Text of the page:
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Foggy Camp Creek
Lens: DA 21, DA 35 macro, FA 50 macro Camera: K20D Photo Location: East Tennessee 
Posted By: mole, 05-15-2014, 07:32 PM

Enjoyed a recent hike up above Camp Creek in nearby Greene County. It's a great ridgeline hike, perhaps 5 or so miles, with several fine overlooks to watch the sunrise across the valleys. It's also home to many unique plants. Thick fog kept us from enjoying the sunrise, but made for perfect plant watching.

Here's the "view" from Whiterock Cliffs.

Mayapples here were not yet in bloom, but sure were abundant.

This is a perfect spot for many trillium species. Most abundant was my favorite - the painted trillium (Trillium undulatum). Many of these were right along the trail (Appalachian Trail) - which prompted many interesting questions from the abundant through-hikers!

Painted trillium was thriving in the higher, more exposed locations. Red trillium (Trillium erectum) was also abundant up high, but in more protected locations.

There's a pale-flowered variety of red trillium too - same species, just a color variation.

There were still several Trout Lilies and Wood Anemones in bloom up in the high meadows (those in the valleys have been done blooming for several weeks already)

And this little Vernal Iris (Iris verna) was decorating a tiny crevice up high on Blackstack cliffs. This small native iris seems to favor drier and rockier locations than most other native irises.

Speaking of high and dry, Lousewort also thrives in high, dry meadows and woodlands. That strange name is because of the belief that it could repel lice!

And here's another high elevation plant with an odd name. It's a lovely little native viburnum called Witch Hobble (Viburnum lantanoides)! Now, I'm no witch, but it would indeed hobble me to try to run through a Witch Hobble thicket - because the branches bend, touch the ground and sprout more roots. This makes for a thicket of tripping hazards!

The other goal of this hike was to check on a rare plant population. Rock Harlequin (Corydalis sempervirens) is an endangered species here in Tennessee - confined to a few very high and rocky places. There's a thriving population at one location on this hike, with many dozens of plants that have a long blooming (and seed-setting) season. This time, they were not quite fully in bloom yet.

Return hike was quick and uneventful, full of fine foggy views. Hope you enjoyed the trip, and that you'll share your comments & critique!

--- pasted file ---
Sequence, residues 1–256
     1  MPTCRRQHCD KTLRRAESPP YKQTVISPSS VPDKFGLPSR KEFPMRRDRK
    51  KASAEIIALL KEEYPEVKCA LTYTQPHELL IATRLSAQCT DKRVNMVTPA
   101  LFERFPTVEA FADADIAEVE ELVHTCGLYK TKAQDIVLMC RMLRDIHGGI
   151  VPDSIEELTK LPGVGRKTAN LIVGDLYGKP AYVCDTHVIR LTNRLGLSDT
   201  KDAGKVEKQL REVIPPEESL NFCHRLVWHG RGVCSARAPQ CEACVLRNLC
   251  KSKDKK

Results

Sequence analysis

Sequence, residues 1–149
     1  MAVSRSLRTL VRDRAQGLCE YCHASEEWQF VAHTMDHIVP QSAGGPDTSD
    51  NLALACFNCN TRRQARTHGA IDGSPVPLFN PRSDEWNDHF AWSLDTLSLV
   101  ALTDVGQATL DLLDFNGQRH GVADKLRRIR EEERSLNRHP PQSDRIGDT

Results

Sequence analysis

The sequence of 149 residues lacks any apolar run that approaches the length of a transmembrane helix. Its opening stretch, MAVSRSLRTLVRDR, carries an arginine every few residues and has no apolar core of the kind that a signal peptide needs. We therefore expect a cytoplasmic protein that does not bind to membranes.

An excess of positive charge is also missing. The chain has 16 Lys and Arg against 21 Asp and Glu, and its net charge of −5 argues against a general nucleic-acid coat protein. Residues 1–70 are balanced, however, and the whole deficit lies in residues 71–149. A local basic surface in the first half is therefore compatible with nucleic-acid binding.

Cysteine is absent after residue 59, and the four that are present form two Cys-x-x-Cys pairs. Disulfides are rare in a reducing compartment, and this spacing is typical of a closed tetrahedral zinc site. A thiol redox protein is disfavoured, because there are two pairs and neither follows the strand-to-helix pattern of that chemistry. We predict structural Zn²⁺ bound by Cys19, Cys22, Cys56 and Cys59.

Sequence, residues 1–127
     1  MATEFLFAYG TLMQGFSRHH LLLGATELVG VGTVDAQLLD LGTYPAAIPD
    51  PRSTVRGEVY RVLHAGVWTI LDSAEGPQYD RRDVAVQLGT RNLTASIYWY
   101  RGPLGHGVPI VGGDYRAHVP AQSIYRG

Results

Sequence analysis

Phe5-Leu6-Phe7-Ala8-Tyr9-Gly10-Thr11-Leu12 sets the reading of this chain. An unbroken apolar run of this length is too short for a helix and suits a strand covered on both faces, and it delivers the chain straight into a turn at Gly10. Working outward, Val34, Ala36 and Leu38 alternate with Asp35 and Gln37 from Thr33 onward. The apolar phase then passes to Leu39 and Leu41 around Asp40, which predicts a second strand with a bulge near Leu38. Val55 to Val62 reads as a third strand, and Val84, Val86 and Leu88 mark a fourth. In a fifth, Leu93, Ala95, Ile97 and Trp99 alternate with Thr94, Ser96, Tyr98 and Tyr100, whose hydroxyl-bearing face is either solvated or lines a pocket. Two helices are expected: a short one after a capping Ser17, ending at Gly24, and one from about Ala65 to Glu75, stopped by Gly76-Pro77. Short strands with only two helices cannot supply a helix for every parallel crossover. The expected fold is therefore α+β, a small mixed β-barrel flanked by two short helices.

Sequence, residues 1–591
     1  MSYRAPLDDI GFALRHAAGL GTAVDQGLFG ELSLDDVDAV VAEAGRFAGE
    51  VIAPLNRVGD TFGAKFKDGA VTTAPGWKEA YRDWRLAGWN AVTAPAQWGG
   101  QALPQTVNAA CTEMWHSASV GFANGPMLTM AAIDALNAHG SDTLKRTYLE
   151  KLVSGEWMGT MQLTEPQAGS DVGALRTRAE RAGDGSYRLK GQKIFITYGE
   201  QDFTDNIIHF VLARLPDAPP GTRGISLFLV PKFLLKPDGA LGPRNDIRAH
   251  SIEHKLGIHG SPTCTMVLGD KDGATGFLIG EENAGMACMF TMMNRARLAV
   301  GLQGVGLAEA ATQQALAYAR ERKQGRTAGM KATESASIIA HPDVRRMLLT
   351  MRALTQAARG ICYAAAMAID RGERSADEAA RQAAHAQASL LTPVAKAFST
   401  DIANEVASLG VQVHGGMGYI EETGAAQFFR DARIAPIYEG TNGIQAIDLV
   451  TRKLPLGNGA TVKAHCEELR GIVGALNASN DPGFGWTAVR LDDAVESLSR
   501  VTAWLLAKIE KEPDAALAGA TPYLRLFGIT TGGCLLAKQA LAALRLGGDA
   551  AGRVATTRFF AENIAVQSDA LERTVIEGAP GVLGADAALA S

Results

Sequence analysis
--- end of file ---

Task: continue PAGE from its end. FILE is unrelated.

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05-15-2014, 07:58 PM   #2
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thanks again Ranger for taking us along with you on the hike. So many varieties of flowers there and what really makes it interesting is your explanation of each. Love the contrast between the fog and the flowers, wonderful thread to view.
05-15-2014, 08:01 PM   #3
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Very nice set of photos !
05-16-2014, 06:32 AM   #4

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Great sets, as always...of all of them, though, the Vernal Iris really tickled me, though--up till now, my bloom hunting has been secondary to my trout fishing, so while I've waded through my share of Dwarf Crested Irises in the Deep Creek area of the GSMNP, I don't think I've ever come across a stand of Vernal Iris up high.

05-16-2014, 04:02 PM   #5
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Original Poster
Bob - Glad you enjoyed the hike! We are blessed with many foggy damp days here in East Tennessee - great fun for hiking as well as "shutterbugging"

Michael - Thanks so much!

CreationBear - You are so right - D.C. Iris (Iris cristata) prefers the lower, damper places, while Iris verna loves the high, drier ridges. Looking at the UT Herbarium website, it should be in the Smokies. I see it most often on high sunny ridges in Greene and Unicoi counties. Here's a link in case you want to check out the map (also two more of my photos): University of Tennessee :: Herbarium - TENN
05-16-2014, 05:15 PM   #6

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QuoteOriginally posted by mole Quote
Here's a link in case you want to check out the map

Excellent, a few years ago I took a couple of those guys out to lunch to pick their brains about forest succession in the old orchards on the northeast side of the Park--though of course with the last "lady slipper" thread, the orchid loonies might be treating y'all like five star football recruits...
05-16-2014, 07:00 PM   #7
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wow, what a series, enjoyed flowers & the photography

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